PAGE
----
build35.jpg (74634 bytes) Here I got very brave and trimmed the bow of all the overlapping strips that were taper joined at the stem.  A new saw, patterned after a Japanese pull-saw was used and it worked great!  I then used my new 12-1/2 degree Record block plane to smooth the surface.
build36.jpg (57634 bytes) This stem will be planed such that the width increases to about 3/8", and a laminated white ash external stem will be added and planed to follow the hull contours.   This will ad to the abrasion resistance afforded by the fiberglass layup soon to be added during the "epoxy the hull" stage . . .
build37.jpg (51813 bytes) I developed the attitude years ago that "I ain't no dummy." Instead of beveling each and every keel strip, I simply butt-joined each one, and when the flat flexible surface developed, I laid wet rags across them and steamed them with my plywood clamps in place. A finish with the hot-air gun locked them in position.
build39.jpg (51112 bytes) Here's a pic of the almost completed hull after the steaming operation . . . Amazing how the hull strips grip the forms even though there is no beveling between the strips . . . <g>
build41.jpg (51901 bytes) Here is the compulsory picture of the last strip on one side (in this case the port side) waiting to be installed.  The sliver of wood laying on the tape to be used for securing said strip, is awaiting installation.  The Queen is dead - Long live the Queen.
build42.jpg (52857 bytes) At last, the port side is stripped. This shows the clamping employed to hold the little fellow in place.  He has been tapered, beveled, steamed and twisted into a loyal subject.
build43.jpg (49730 bytes) This is simply a close-up of the port side of the hull after final closure and a rough planing to shape. Several sanding stages still need to be done, following some scraping to remove all vestiges of glue.
build44.jpg (71434 bytes) The bow and stern stems have been planed to a consistent width of 1/2", awaiting the application of an external stem, consisting of laminations of 1/8" white ash for abrasion resistance under the glass. These were cut today, but no pictures exist.  We will pick up when the hardwood strips are being formed to the stems.
build45.jpg (67720 bytes) Two laminations of 1/8" white ash are being glued to the bow stem, they were pre-bent using steam and a hot air gun.  Pre-bending these parts took all the stress from the tape clamping employed, and the glue joint is a vanishingly thin line.  This detail provides for a very pleasing appearance, as well as some additional abrasion resistance in this vulnerable keel area.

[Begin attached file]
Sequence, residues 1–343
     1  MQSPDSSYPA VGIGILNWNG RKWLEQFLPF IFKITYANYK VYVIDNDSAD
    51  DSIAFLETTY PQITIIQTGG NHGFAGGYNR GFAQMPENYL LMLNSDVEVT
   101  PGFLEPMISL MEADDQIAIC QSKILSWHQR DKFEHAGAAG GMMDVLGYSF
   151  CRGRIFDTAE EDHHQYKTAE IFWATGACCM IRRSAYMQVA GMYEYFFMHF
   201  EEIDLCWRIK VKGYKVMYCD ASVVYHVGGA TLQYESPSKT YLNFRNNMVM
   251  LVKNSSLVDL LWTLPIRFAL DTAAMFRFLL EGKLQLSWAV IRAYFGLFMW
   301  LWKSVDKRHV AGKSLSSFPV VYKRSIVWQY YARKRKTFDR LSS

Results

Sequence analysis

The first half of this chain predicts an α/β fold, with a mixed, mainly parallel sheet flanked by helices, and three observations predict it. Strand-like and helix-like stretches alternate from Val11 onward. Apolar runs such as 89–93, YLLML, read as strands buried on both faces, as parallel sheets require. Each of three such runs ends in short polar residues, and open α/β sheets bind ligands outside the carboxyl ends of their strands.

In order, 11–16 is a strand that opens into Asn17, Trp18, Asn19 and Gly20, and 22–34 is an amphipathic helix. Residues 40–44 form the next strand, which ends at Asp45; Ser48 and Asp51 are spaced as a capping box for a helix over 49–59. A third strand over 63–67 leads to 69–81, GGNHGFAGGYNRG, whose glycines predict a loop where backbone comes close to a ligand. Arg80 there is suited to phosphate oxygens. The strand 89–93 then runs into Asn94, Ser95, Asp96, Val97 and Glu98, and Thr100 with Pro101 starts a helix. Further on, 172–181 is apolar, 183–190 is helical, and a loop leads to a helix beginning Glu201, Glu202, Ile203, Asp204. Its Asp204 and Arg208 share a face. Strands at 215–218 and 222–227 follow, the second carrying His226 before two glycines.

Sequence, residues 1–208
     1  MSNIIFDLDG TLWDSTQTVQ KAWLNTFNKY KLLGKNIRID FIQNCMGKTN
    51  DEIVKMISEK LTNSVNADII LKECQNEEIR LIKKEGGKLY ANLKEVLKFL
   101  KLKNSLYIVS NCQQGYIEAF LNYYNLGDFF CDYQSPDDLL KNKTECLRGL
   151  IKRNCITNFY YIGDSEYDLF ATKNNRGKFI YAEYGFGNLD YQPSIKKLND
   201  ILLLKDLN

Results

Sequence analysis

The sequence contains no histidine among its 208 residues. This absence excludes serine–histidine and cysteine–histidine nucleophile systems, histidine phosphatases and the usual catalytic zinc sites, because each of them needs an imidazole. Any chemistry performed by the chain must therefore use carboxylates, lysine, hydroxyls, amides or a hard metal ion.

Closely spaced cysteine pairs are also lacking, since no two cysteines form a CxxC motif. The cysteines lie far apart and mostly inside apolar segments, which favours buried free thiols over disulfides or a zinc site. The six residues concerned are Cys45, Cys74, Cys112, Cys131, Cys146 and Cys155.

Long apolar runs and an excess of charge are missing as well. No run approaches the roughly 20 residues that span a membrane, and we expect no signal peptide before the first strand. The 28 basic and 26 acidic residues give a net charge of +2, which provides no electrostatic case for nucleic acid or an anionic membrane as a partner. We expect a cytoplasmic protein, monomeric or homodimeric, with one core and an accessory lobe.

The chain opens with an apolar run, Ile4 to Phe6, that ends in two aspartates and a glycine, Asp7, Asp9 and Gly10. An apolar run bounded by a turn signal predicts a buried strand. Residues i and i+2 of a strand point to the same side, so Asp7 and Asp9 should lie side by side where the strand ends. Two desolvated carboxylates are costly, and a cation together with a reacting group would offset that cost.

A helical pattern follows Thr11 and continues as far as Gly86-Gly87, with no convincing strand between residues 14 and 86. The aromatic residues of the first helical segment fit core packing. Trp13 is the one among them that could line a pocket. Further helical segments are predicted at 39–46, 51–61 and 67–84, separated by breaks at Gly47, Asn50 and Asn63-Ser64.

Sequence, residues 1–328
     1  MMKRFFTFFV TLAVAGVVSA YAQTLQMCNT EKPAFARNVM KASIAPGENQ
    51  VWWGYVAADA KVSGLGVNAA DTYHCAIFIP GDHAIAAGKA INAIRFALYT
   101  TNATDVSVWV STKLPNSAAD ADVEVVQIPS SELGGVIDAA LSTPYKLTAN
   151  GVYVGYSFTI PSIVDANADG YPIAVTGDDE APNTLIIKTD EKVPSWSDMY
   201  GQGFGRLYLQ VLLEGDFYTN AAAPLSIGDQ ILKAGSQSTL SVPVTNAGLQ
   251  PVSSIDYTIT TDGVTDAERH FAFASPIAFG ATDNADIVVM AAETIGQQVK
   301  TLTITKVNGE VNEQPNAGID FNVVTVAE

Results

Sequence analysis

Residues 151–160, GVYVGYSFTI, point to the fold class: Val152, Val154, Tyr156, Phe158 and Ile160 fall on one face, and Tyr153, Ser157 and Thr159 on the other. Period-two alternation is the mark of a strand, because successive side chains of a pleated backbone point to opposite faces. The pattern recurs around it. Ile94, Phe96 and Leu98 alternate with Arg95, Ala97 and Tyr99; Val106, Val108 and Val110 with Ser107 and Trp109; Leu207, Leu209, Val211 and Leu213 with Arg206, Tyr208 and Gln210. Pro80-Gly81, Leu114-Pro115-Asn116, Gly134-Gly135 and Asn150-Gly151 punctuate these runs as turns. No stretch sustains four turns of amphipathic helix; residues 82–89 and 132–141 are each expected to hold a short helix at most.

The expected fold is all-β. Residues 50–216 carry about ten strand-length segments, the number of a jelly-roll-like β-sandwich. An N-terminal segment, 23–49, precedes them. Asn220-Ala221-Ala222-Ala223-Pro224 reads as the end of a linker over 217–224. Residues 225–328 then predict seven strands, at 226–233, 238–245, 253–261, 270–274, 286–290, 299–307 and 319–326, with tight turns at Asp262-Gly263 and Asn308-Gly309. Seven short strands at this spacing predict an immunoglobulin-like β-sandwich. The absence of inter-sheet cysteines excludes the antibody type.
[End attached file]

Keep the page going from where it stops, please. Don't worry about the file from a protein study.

build46.jpg (50628 bytes) Here is a photo after the glue has dried, there is some planing necessary to make the new external stem conform to the hull contours.
build47.jpg (54484 bytes) The aft stem laminations are temporarily in place after a quick steaming and air gun application. 
build48.jpg (25630 bytes) This composite photo (poorly done, but, hey, it's free!) shows non-kayak people the scope of this project in a panoramic sort of way.   The bow and stern shots look nice, but it's hard to visualize just what we are creating without stepping back a bit . . .
build49.jpg (68103 bytes) Using an ROS (Random Orbital Sander) the finishing of the hull has become very, very easy. I used to use the pneumatic DA sanders on my car projects, same thing now in electric - Maybe better . . . Wow, does my new $39 Ryobi ROS sand that there wood!  Here's the bow after a rough (60 grit) sanding.
build50.jpg (41185 bytes) Same application to the stern.  Concave, convex, the ROS really doesn't care . . .  There is a workable position for every need . . .
build51.jpg (42772 bytes) Here's the middle, where I sit.  Geez, the ROS just gobbles up wood that doesn't belong . . .
build52.jpg (31764 bytes) A detail of the white ash laminations on the bow stem.  They look so darned good, it's really a shame they are sacrificial as the "abrasion strips" both fore and aft.  They will be covered with 3 layers of glass, so perhaps they will survive my ownership . . .